December 7, 2017 Read More →

Odds Are Against Completion of Australia Mega-Mine Project

The Guardian:

Adani’s operations in Australia appear to be hanging on by a thread, as activists prove effective at undermining the company’s chances of getting the finance it needs.

China seems to have ruled out funding for the mine, which means it’s not just Adani’s proposed Carmichael coalmine that is under threat, but also its existing Abbot Point coal terminal, which sits near Bowen, behind the Great Barrier Reef.

The campaign against the mine has been long. Environmentalists first tried to use Australia’s environmental laws to block it from going ahead, and then failing that, focused on pressuring financial institutions, first here, and then around the world.

The news that Beijing has left Adani out to dry comes as on-the-ground protests against construction of the mine pick up. Two Greens MPs, Jeremy Buckingham and Dawn Walker, have been arrested in Queensland for disrupting the company’s activities.

Is China’s move the end of the road for Adani’s mega coalmine in Australia, and will the Adani Group be left with billions of dollars in stranded assets?

One by one, each of the big four Australian banks ruled out financing the mine

But Australia’s environmental law leaves very little opportunity for challenging the merits of a minister’s decision – it only allows for challenges on whether those decisions considered everything required by the law. As a result, the minister needed only approve it again, after formally considering the impact on the two species.

Another court challenge argued the approval was invalid because the emissions caused by the mine – which would be greater than those of New York City – were a threat to the Great Barrier Reef. Hunt argued in court, successfully, that there was no definite link between coal from Adani mine and climate change.

It became apparent Australia’s environmental laws were unable to stop a project like this if the government of the day was determined to push it through.

Although further court challenges remained on the cards, they could only serve to delay the project. So activists changed tactics, aiming to undermine the company’s chances of securing finance for the mine and its associated infrastructure.

While threats to reputational damage were not effective against Adani Group, since it is family-owned, the same was not true of Australian banks, which were targeted heavily by activists.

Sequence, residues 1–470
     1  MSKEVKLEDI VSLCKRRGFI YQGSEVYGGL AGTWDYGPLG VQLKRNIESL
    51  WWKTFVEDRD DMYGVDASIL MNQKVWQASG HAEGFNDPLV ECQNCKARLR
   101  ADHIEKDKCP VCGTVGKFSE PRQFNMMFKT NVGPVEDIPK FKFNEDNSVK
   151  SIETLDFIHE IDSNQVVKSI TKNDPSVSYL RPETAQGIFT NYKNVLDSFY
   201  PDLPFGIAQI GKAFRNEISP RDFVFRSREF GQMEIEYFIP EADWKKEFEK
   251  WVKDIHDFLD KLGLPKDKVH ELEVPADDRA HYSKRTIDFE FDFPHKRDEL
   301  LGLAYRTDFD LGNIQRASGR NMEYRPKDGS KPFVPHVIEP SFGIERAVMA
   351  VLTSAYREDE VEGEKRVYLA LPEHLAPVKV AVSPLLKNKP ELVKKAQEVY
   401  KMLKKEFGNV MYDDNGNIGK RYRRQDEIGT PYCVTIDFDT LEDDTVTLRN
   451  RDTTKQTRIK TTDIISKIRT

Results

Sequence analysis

And one by one, each of the big four Australian banks ruled out financing the mine.

By then Adani had seen the writing on the wall, and had shifted to seek finance from overseas institutions. It entered negotiations with the state-owned China Machinery Engineering Corporation (CMEC), which was thought to raise the potential of subsidised Chinese government loans.

The Australian government, which was seeking to give Adani its own subsidised loan, had supported the company’s efforts in China, according to a freedom of information request by the Australia Institute that reveals “several hundred pages” relating to formal representations to foreign financiers by the Department of Foreign Affairs and Trade.

In a Senate estimates hearing, it was revealed that the minister for trade, Steve Ciobo, and the deputy prime minister, Barnaby Joyce, had written a letter to the Chinese government confirming the mine had received all necessary environmental approvals.

But even support from the highest levels of Australian government could not secure Chinese financing for the project – the activists won again.

In a letter to ACF’s Geoff Cousins, China’s Australian embassy said that Beijing had “taken note” of his concerns, and that while a Chinese entity had been negotiating with Adani, it had terminated the negotiation process “due to the absence of commercial feasibility”.

It also noted that “no Chinese banking institution has made any financing commitment to the project.”

“Approaching China would seem like the last roll of the dice so Carmichael is now looking even more like the definition of a stranded asset,” says Simon Nicholas, an analyst from the pro-renewables Institute for Energy Economics and Financial Analysis (Ieefa).

“Although there have been many twists and turns on Carmichael already, which makes it hard to predict,” Nicholas says. “Adani is faced with writing off their A$1.4bn investment if they can’t get the project going so they’ll continue to state that they are pursuing funding and make it sound like everything’s under control.”

Tim Buckley, also from Ieefa, says the news is a major blow to the Carmichael project, and will mean there is unlikely to be much movement from Adani until after the federal court hears a case brought by representatives of the Wangan and Jagalingou, the traditional owners of the site of the mine.

More: Is this the end of the road for Adani’s Australian megamine?

 

 

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